Hibernation of brown bears: clues to protect against thrombosis

14 Apr 2023

Despite weeks of rest brown bears do not develop thrombosis. A protein, which also exists in humans, is crucial for this protection - a new approach for therapies for immobilized acute patients.

When hibernation is over: Brown bear in the Swedish woods | © Mikael Fritzon / Imago

When people are bedridden for weeks, the risk of a blood clot forming in a vein, traveling through the circulatory system and clogging a blood vessel in the lungs is increasing. Immobility is actually one of the greatest risk factors for such venous thromboembolism, with its life-threatening consequences. But why can brown bears sleep almost motionless for months in winter without coming close to the risk of this condition? And why do paraplegic patients not have an increased risk of thrombosis after the acute phase of injury? Answers to this paradox have been found by an international team of researchers led by Dr. Tobias Petzold from Department of Medicine I (Director: Prof. Dr. Steffen Massberg) at LMU Klinikum (LMU University Hospital Munich): Brown bears, like paraplegics, use a mechanism that reduces interactions between platelets and immune cells, thus preventing the formation of blood clots. The discovery could open up new therapeutic options. The study results are now published in the highly renowned journal Science.

For the cardiovascular specialists at LMU University Hospital led by Tobias Petzold, this research project began with two trips to central Sweden – one in summer, one in winter. There, a whole flock of brown bears has been scientifically studied for more than ten years, among others by cardiologist Prof. Dr. Ole Frobert from the University Hospital in Örebro, Sweden.

The brown bears are wearing GPS transmitters marking their location and were sedated for a blood sample and immediately released back into the wild. In a mobile laboratory, cardiologist Petzold and his colleagues analyzed the samples within three to four hours. The question: Does the coagulation system of brown bears differ during hibernation and summer activity? The so-called plasmatic coagulation system normally plays a crucial role in the development of venous thrombosis. “But we didn't find a dramatic relevant difference there," says Dr. Manuela Thienel, cardiologist at LMU Klinikum and co-first author of the study.

Heat shock protein downregulated 55-fold

Field test in Sweden | © LMU Klinikum / Tobias Petzold

The researchers took some of the blood samples to Munich, where they examined the platelets more closely in their laboratories. It turned out that, in the hibernating brown bear body, "the interaction between the blood platelets and inflammatory cells of the immune system is slowed down" as cardiologist Petzold says, "which explains the absence of venous thrombosis." The scientists then demonstrated exactly the same mechanisms in paraplegic patients – and in healthy volunteers who literally lay down in bed for three weeks as part of an experiment conducted by the European-German and American space agencies (DLR and NASA).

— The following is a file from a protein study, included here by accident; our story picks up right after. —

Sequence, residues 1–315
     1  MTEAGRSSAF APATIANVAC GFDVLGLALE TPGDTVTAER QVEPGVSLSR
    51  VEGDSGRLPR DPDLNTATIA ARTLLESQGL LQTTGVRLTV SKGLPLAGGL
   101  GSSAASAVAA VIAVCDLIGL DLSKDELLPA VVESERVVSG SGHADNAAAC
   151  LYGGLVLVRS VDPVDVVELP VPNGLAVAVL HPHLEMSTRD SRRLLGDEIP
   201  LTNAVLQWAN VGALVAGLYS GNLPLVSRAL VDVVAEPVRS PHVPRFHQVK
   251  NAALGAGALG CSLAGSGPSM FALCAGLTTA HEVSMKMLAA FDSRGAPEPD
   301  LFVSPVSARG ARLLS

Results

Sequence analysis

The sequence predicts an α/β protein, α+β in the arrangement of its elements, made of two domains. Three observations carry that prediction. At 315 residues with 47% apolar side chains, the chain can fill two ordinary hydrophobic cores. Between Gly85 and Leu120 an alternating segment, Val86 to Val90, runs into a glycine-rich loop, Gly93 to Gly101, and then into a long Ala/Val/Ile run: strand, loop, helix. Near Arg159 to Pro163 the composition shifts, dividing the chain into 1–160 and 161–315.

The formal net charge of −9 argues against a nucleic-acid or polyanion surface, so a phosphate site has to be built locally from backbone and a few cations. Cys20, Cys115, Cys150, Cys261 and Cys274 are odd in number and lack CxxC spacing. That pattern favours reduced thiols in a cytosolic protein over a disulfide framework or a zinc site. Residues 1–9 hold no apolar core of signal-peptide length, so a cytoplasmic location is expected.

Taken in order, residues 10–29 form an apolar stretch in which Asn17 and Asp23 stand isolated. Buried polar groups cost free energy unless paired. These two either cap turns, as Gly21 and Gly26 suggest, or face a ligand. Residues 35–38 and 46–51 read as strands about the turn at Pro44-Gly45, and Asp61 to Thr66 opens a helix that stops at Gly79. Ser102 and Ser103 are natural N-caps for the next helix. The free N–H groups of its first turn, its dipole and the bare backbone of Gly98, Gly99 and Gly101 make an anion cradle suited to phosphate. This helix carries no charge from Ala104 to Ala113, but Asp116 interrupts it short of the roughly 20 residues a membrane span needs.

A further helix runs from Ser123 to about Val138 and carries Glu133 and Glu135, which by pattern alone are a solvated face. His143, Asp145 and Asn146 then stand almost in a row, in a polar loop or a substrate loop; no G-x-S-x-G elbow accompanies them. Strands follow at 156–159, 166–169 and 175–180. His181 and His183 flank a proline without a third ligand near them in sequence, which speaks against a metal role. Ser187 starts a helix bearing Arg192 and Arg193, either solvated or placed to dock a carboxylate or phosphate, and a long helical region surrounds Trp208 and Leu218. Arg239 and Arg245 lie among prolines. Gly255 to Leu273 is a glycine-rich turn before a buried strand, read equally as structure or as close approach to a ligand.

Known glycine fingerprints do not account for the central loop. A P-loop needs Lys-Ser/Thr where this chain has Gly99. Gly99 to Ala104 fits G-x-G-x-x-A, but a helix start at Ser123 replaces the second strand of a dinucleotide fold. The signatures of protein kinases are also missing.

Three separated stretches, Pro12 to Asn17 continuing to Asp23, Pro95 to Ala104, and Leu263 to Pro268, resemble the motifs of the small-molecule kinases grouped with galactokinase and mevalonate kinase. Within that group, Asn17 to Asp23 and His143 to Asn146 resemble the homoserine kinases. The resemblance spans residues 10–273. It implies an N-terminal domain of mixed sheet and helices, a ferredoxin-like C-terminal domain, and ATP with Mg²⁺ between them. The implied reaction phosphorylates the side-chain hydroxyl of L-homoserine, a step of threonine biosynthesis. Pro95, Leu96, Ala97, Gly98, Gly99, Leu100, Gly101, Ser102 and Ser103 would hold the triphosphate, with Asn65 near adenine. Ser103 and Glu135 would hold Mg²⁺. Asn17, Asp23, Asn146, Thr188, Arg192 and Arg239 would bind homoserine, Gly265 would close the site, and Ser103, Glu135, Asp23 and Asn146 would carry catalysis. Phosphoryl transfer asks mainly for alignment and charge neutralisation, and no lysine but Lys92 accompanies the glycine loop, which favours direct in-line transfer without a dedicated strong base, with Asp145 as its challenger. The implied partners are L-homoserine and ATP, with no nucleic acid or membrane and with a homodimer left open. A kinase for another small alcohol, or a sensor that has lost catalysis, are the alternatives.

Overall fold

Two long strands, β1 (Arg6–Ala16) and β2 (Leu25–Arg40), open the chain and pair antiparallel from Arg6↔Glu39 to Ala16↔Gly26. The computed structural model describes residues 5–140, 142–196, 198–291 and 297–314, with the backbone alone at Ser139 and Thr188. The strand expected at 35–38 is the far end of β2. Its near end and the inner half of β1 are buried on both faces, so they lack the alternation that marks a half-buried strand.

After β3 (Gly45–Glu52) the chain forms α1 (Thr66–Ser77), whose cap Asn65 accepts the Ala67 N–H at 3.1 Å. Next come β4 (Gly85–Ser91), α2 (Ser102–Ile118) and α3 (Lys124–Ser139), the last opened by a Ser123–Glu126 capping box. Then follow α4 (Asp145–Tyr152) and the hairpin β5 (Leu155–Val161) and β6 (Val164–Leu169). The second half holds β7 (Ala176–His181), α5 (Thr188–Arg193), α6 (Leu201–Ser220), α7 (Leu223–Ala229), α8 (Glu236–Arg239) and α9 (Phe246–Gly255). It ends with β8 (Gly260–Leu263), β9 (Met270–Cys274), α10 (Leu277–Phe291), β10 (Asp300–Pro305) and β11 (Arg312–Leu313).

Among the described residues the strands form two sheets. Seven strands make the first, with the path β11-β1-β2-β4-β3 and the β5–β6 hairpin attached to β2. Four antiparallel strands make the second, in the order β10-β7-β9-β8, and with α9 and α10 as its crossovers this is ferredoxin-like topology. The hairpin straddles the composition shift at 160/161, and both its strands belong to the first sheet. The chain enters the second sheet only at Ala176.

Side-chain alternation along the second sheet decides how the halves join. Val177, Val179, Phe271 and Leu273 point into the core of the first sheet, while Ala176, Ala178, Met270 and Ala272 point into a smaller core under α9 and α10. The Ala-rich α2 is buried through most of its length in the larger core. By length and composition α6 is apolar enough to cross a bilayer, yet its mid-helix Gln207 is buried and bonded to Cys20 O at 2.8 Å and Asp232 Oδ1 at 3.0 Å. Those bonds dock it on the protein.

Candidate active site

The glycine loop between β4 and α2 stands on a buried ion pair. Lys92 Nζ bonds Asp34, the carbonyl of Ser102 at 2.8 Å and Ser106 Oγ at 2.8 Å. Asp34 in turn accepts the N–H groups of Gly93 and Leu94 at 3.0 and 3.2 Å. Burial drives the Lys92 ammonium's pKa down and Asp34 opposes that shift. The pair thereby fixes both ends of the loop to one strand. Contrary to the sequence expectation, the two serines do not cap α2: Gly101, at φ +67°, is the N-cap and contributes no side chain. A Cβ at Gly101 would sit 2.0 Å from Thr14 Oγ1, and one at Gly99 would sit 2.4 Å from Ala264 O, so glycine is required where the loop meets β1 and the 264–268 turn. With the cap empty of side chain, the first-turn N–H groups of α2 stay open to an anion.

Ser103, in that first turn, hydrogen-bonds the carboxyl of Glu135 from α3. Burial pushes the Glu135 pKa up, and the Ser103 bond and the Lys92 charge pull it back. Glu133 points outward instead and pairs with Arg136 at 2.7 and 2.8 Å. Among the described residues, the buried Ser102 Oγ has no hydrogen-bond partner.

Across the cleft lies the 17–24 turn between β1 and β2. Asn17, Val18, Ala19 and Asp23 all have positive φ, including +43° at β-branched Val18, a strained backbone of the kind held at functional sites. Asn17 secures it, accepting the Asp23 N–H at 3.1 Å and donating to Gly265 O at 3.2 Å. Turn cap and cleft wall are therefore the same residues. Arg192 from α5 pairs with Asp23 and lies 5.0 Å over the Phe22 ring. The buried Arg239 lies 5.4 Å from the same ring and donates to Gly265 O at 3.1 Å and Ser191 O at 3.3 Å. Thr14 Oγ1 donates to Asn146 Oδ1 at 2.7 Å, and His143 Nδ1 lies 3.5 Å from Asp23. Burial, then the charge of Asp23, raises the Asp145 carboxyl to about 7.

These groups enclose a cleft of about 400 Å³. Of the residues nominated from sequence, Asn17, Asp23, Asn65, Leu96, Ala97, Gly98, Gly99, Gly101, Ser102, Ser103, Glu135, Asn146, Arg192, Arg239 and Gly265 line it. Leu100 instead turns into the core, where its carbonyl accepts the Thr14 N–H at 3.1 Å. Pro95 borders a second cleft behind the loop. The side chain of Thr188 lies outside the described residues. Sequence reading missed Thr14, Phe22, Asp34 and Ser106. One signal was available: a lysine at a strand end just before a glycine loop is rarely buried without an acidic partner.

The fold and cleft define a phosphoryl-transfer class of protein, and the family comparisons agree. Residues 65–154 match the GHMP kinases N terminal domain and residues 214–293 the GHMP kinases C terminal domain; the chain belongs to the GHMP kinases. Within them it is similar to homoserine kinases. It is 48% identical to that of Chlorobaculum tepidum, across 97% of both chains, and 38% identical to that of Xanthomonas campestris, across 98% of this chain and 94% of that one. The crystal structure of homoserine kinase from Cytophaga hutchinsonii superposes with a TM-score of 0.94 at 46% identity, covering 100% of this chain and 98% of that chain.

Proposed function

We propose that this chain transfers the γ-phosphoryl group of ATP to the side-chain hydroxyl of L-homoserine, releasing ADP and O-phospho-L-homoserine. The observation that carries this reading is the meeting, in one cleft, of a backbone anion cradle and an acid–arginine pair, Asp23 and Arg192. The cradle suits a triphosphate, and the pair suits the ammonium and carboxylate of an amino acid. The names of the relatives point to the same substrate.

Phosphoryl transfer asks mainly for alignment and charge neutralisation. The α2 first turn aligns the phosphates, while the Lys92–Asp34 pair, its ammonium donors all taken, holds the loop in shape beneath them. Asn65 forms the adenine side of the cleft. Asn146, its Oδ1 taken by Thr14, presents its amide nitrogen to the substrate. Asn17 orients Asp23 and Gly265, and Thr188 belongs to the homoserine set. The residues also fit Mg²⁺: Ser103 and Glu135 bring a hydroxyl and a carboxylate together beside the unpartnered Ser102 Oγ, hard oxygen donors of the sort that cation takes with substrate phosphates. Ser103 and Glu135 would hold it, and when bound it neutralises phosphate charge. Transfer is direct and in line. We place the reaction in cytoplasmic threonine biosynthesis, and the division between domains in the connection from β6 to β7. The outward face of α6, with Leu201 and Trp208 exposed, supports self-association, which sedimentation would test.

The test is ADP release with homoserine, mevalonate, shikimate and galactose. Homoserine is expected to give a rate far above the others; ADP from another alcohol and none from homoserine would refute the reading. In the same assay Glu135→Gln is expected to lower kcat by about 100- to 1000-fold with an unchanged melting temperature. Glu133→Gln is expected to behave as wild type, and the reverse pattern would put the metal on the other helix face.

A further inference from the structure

To track down the molecular mechanism behind the protective process, the physicians enlisted the expertise of Prof. Dr. Matthias Mann and Dr. Johannes Müller-Reif, also first author of the study, from the Max Planck Institute of Biochemistry in Martinsried. Using so-called mass spectroscopy-based proteomics, almost 2700 active proteins were quantified in the bears' blood platelets. Crucially, 71 proteins were upregulated and 80 downregulated during hibernation compared to summer activity. Johannes Müller-Reif: "The platelet protein with the greatest difference between hibernating and active bears was heat shock protein 47, which was downregulated 55-fold in hibernating bears." Notably, the researchers were able to show that downregulation of this HSP47 happens under long-term immobilization in different mammalian species (humans, brown bears, and pigs), making it an evolutionarily conserved mechanism for thrombosis prevention. Low HSP47 protein levels reduce the interaction of platelets and inflammatory cells. In fact, says Tobias Petzold, "HSP47 alone is capable of activating inflammatory cells."

In biomedical terms, this means that if HSP47 could be blocked with a suitable molecule in immobilized acute patients, the risk of venous thrombosis could possibly be prevented. So-called small molecules that switch off HSP47 already exist for laboratory experiments. But they are not suitable for possible use in humans. "That's why", says Petzold, "we are now looking for promising substances."

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1:12 | 14 Apr 2023

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